As we say farewell to our BMW 5 Series after a three-month test period (and welcome the 4 Series Gran Coupé – more of which next month), it is worth reflecting on how this car shook up the executive car sector when it was launched in 2009, revitalising sales and putting the emphasis on efficiency as well as performance and driver appeal.
All innovators eventually come under attack, and BMW’s rivals are making in-roads with their latest models. The Mercedes-Benz E-Class (Fleet News Awards executive car of the year) saw fleet sales rise more than 2% in 2014 and is the biggest selling car in the sector. Its emissions marginally under-cut the 5 Series, at 107g/km compared to 109g/km for our test car.
The Audi A6 rose 15% and is closing the gap with the BMW which saw its 2014 fleet registrations up by just under 1%. Also waiting in the wings is the new Jaguar XF, while Lexus GS and Maserati Ghibli are viable alternatives for those looking for something different.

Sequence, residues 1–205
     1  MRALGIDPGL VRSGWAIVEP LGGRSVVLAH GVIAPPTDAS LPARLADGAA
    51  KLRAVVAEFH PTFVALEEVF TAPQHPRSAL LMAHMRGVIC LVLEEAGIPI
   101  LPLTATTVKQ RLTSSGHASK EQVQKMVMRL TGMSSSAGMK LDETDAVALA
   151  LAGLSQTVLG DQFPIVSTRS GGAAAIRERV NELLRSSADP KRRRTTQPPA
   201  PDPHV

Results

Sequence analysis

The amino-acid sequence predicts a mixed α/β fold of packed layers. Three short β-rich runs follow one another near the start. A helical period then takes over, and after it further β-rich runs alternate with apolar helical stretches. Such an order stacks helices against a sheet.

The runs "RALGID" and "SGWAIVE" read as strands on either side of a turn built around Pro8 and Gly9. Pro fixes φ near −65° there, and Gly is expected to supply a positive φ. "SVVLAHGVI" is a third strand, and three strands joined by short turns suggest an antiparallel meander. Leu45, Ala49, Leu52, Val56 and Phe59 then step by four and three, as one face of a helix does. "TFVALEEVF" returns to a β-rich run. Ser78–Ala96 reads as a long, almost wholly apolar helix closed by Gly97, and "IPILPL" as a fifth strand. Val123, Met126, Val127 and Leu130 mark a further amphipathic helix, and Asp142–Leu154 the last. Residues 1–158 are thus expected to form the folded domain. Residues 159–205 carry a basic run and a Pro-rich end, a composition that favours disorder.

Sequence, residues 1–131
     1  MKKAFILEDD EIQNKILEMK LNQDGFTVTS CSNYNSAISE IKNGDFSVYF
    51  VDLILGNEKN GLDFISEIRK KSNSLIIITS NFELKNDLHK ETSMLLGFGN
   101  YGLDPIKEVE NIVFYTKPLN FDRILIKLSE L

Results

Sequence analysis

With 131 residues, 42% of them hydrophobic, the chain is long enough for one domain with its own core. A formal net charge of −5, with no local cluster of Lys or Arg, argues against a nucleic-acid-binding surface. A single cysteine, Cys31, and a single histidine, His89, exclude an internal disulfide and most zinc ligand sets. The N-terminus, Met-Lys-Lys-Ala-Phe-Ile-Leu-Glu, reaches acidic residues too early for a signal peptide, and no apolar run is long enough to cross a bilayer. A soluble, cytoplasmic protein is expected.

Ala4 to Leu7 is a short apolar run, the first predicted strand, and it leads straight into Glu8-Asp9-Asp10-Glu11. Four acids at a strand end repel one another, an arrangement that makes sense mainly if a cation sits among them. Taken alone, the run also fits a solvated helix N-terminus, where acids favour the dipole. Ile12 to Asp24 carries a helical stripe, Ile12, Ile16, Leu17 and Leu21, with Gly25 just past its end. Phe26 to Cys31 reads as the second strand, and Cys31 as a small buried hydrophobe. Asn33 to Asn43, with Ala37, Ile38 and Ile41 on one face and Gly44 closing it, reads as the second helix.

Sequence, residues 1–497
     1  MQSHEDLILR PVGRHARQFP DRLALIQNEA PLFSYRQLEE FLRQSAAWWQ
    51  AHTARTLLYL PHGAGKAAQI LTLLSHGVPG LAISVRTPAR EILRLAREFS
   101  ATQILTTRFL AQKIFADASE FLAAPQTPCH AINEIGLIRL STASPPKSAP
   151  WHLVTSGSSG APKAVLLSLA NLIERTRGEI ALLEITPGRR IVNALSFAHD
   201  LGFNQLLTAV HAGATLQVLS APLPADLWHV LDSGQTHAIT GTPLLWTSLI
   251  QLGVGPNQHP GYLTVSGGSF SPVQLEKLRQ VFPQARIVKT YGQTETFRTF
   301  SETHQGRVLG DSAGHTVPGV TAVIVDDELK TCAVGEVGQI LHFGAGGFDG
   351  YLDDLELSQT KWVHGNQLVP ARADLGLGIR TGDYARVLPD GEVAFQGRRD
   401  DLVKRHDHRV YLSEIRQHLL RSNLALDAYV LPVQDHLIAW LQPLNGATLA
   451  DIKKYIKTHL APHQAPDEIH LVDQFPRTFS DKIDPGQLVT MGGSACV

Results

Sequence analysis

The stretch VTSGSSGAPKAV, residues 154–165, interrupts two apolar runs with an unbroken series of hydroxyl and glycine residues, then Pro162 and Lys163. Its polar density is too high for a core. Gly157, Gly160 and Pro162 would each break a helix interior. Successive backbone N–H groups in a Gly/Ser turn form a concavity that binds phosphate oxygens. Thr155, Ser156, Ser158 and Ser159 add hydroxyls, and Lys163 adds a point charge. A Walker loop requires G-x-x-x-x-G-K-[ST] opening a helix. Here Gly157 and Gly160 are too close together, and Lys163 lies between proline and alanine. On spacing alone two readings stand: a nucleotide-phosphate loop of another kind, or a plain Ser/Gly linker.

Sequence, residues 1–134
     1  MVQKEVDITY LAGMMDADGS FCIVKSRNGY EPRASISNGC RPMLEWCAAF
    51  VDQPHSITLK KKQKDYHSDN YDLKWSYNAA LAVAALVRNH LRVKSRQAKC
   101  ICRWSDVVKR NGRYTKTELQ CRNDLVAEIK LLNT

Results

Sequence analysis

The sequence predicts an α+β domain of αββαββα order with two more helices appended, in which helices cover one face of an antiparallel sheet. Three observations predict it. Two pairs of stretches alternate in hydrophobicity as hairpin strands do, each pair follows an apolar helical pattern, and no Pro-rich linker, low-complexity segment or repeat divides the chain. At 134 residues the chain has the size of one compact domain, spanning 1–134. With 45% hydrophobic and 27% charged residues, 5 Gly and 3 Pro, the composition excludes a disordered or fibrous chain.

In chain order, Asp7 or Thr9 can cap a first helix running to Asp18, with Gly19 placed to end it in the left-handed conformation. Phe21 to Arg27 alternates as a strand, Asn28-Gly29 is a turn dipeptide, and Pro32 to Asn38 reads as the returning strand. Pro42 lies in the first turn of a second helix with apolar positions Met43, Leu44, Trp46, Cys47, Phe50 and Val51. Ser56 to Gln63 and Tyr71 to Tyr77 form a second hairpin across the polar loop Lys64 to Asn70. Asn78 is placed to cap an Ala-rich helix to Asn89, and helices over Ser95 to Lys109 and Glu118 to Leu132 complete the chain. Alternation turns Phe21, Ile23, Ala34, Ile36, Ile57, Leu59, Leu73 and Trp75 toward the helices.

BMW has addressed some of the criticisms we’ve had in the past by upgrading the interior during the last update, and it remains the best car to drive in the segment.
In comfort setting, the dampers provide a noticeably refined ride, while the Eco Pro mode optimises gear change, softens acceleration and adapts heating and air-con to reduce fuel consumption. It also displays how much further it is possible to drive in the ‘bonus range display’ – typically 10-20 miles on a single tank, although BMW claims a saving of up to 20%.
Fancy reliving your youth? Select sport for a more aggressive engine and suspension settings. At the press of a button, the car can adapt a driving style to suit everyone.
BMW’s lead over its competitors may have shrunk, but the 5 series is still an excellent option in the executive car segment.